A highly specialized radiologist will interpret your images and prepare a diagnostic report for your physician. If the examination was ordered “stat” your physician will be notified the same day. If the examination was routine, the results are provided to your physician within 48 hours. Your physician will determine how the radiologists’ report can be used to develop a treatment plan and speak with you about your results.

Q. What are the risks of a CT?

A. This procedure is extremely safe, though it does use radiation to produce the images. At Oregon Imaging Centers, we use the least amount of radiation by utilizing a “low dose” technology which decreases the radiation exposure .

Q. Why did my doctor order a CT if radiation is a concern?

A. CT is a valuable diagnostic tool that uses radiation to peer into the body and produce 3-D images. Based on your symptoms or the area being scanned, a CT scan will provide your doctor with the most detailed information.

Q. What steps do you take to reduce radiation?

A. We adhere to the As Low As Reasonably Achievable (ALARA) principle, using tools that automatically adjust the radiation dosage based on body type and anatomy. As part of that commitment, we invested in technology that uses software to reduce radiation exposure. The amount of radiation you receive varies by body type and the anatomic region being scanned.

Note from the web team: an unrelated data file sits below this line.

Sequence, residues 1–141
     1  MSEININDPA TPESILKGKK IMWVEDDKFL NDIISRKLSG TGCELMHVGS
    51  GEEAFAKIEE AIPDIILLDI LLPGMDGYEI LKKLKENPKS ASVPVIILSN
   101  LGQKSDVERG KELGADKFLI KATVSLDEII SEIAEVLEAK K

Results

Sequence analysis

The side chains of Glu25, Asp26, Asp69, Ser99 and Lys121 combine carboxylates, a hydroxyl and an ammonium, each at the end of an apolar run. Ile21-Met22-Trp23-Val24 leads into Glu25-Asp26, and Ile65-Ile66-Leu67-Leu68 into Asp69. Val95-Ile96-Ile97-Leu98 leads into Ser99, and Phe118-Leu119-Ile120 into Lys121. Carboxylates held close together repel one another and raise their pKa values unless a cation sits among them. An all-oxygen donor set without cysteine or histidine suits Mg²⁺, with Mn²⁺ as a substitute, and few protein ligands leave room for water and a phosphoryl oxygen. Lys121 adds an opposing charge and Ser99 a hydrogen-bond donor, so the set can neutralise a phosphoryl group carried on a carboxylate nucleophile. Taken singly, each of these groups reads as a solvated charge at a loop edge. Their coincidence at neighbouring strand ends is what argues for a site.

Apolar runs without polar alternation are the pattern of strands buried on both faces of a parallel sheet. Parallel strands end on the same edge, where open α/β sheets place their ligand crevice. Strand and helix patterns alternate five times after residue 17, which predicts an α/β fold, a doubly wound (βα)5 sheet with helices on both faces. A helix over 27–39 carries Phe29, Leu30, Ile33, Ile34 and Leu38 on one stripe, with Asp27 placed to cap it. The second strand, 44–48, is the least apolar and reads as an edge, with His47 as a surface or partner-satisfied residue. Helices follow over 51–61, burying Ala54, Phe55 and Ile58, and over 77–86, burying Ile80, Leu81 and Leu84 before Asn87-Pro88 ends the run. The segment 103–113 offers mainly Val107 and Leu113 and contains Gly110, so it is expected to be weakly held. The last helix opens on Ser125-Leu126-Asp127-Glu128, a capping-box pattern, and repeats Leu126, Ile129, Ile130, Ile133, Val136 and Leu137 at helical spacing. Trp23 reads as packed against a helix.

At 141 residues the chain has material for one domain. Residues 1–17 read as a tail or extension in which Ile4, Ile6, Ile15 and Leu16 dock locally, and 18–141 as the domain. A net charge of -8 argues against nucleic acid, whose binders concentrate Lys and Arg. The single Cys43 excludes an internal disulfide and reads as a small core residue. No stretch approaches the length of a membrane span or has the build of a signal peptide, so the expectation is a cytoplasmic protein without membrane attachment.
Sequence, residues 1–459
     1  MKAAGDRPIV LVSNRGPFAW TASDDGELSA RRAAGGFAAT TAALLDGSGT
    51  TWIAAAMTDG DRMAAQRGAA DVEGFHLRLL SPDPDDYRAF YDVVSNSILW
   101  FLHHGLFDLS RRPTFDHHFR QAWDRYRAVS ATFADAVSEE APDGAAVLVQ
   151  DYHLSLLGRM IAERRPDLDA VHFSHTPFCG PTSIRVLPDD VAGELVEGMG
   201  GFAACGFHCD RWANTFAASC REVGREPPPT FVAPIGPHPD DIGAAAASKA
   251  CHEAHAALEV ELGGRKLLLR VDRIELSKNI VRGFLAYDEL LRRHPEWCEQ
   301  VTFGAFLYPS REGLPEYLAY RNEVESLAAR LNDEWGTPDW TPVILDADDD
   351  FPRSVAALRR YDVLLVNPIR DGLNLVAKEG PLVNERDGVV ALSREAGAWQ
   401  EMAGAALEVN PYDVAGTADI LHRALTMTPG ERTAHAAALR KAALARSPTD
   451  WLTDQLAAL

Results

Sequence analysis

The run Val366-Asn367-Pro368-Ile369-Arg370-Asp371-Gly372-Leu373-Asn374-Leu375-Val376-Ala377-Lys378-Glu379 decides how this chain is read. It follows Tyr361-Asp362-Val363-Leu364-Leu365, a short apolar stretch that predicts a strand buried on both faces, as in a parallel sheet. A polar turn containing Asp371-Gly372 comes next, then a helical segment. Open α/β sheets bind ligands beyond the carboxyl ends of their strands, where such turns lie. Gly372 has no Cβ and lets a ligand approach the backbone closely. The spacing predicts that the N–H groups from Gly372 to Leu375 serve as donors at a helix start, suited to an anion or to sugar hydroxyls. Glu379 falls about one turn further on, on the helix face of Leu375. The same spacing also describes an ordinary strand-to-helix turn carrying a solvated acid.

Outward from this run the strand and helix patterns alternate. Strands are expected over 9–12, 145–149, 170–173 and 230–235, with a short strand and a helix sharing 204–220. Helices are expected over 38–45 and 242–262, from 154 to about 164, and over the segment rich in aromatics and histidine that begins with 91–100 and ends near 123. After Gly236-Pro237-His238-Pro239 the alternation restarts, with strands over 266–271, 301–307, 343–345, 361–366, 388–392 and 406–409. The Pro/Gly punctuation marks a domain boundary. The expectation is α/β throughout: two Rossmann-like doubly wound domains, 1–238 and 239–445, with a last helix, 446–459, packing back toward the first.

Q. Is there an IV involved with the CT?

A. Depending on your physician’s request, you may receive an “intravenous contrast,” which is needed for many exams.

Q . How should I prepare for my CT?

A. You will receive instructions when you schedule your appointment. You can also refer to the “prep” section of the website. Be sure to review the instructions for your particular study, as they can vary based on type of study.

Abdomen

What: An abdominal CT is a non-invasive way for your doctor to evaluate your internal organs and tissues including the liver, spleen, pancreas and kidneys. The test can help diagnose abdominal pain. Some of the more common reasons for an abdominal CT scan are for the evaluation of tumors, infections, kidney stones or appendicitis.


Angiogram

What: CT angiography is used to examine blood vessels.

Physicians may use the procedure to:

  • Identify disease and aneurysms in the aorta or in other major blood vessels.
  • Guide surgeons making repairs to diseased blood vessels, such as implanting or evaluating a stent.
  • Identify dissection in the aorta or its major branches.
  • Screen individuals for arterial disease, especially patients with a family history of arterial disease or disorders.
  • Detect thrombosis (clots) in veins.